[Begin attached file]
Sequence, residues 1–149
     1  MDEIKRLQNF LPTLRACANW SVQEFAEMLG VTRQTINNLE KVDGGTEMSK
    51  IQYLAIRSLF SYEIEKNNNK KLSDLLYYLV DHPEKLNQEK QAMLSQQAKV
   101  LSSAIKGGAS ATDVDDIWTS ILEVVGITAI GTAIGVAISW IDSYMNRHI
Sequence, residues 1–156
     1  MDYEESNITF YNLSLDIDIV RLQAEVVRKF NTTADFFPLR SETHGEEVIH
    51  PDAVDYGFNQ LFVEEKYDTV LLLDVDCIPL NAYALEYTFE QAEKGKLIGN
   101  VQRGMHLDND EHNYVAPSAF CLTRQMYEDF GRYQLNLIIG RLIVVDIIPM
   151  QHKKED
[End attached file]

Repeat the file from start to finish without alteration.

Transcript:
Sequence, residues 1–149
     1  MDEIKRLQNF LPTLRACANW SVQEFAEMLG VTRQTINNLE KVDGGTEMSK
    51  IQYLAIRSLF SYEIEKNNNK KLSDLLYYLV DHPEKLNQEK QAMLSQQAKV
   101  LSSAIKGGAS ATDVDDIWTS ILEVVGITAI GTAIGVAISW IDSYMNRHI
Sequence, residues 1–156
     1  MDYEESNITF YNLSLDIDIV RLQAEVVRKF NTTADFFPLR SETHGEEVIH
    51  PDAVDYGFNQ LFVEEKYDTV LLLDVDCIPL NAYALEYTFE QAEKGKLIGN
   101  VQRGMHLDND EHNYVAPSAF CLTRQMYEDF GRYQLNLIIG RLIVVDIIPM
   151  QHKKED